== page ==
That is where it all begins. Anything you want to do as a company, a leader, an organization will come from and through your teams ability to communicate.
Ignore this key utility and everything else you attempt to do will suffer.
Looking back at my career I can say, with certainty, that each and every time I (or a team I led) missed the mark it was directly related to communication. We didn't articulate how we were going to communicate, check-in, provide updates... what tools or systems we would use... how we would know what the other guys were doing; what they needed. We got caught up in the excitement of innovation and a new problem to solve. It is so seductive.
That is fine. You have to fail; proof you are trying. However, the whole point of failing is to learn and grow. So we did; I did.
Now, before I take on any new team, new partner provider, a new development engagement... adequate time is spent talking about how we communicate throughout the engagement.
Here are 4 platforms that I lean on to communicate:
1. Slack - by far the best messenger platform that I have ever used. We setup channels for various development teams or efforts to keep things organized and transparent. The ability to send direct messages, upload files, search through old messages, mobile and desktop apps too; just amazing. It is a must-have. I have development teams in the US, Australia, India and Argentina and all of them are on this platform. Oh yea, the version I use is free too... not bad.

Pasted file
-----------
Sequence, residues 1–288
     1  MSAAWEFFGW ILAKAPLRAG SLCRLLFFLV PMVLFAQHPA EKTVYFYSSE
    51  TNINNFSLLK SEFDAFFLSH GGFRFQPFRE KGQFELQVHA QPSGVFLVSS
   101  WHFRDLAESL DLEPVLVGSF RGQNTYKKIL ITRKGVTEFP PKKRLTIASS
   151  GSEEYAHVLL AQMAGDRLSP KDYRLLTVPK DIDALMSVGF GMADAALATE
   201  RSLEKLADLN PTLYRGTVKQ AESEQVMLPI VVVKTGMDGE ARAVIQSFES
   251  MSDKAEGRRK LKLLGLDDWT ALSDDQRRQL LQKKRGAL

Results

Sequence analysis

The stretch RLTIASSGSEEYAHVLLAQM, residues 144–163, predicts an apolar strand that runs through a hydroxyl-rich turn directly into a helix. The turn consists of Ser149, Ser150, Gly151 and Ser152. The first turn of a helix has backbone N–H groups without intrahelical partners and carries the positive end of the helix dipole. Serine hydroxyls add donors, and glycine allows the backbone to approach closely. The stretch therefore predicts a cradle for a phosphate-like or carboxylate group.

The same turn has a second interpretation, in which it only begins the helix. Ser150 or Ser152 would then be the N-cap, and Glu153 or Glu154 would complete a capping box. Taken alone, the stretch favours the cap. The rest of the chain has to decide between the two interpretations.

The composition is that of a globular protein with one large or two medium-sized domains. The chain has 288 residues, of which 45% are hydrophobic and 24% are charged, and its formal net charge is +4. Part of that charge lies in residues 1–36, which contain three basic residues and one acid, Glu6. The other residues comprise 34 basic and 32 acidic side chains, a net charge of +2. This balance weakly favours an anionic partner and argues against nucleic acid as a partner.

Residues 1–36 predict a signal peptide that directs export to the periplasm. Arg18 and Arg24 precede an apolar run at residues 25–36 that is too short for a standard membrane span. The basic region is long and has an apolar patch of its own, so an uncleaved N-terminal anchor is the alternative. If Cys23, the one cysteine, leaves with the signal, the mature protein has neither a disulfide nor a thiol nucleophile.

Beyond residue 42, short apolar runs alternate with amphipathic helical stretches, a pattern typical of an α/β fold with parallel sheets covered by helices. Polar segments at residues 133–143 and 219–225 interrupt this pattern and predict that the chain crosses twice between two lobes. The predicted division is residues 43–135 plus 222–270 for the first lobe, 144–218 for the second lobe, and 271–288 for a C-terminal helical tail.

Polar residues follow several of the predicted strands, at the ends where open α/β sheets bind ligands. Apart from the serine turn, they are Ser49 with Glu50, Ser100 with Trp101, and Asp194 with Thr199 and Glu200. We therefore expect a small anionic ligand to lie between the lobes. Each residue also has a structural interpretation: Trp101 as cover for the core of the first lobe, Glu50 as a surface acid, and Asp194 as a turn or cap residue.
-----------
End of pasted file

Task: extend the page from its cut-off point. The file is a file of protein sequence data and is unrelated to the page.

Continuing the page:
2. Jira - A fantastic application for tracking tasks. Everything from reformatting a report to building an API integration to Facebook to bug tracking for our existing apps. Every developer and non-technical member of the organization uses this. Before we build out a development work plan for a new application every task is put in Jira and estimated and assigned to an individual. We take that output and build our plan and then track progress to the plan using their built-in time tracking utility. I don't know how else I could manage this amount of new development work, bugs, enhancement requests, etc. without a tool like Jira. It drives everything we do. If something comes up in a meeting or on a call you will hear 'put it in Jira.'
3. Swagger - this one is more technical but Swagger is an amazing utility for documenting and sharing APIs across teams and partners. No one likes to document, anything, ever. I don't see that changing. Swagger is a great way to allow other developers to explore your APIs. This has been critical in reducing the ramp up time on bringing new developers on board and engaging with third-party partners that want to integrate.
4. Snag-it - this one is a little more tactical. I probably use this tool 10 times a day. Words are great but pictures are better and mock-ups are the best. Having a tool that will let you easily grab and manipulate screenshots greatly decreases confusion for everything from bugs to new features. I cannot underscore the power of mock-ups and pro-forma examples when it comes to development work. Take a screenshot, modify it and add it right to a ticket in Jira or send it to a colleague using Slack. That simple. That powerful.
One of the greatest learnings of my career leading software development efforts is the importance of communication. This is paramount when you have distributed teams and I see the industry becoming more and more distributed in the years to come. These four tools listed above have greatly helped make distributed development possible. I strongly suggest auditing your organizations ability to effectively communicate and looking to implement some of these tools and watch things drastically improve.
If you have any questions or comments on any of the particular platforms... ('put it in Jira') shoot me a message.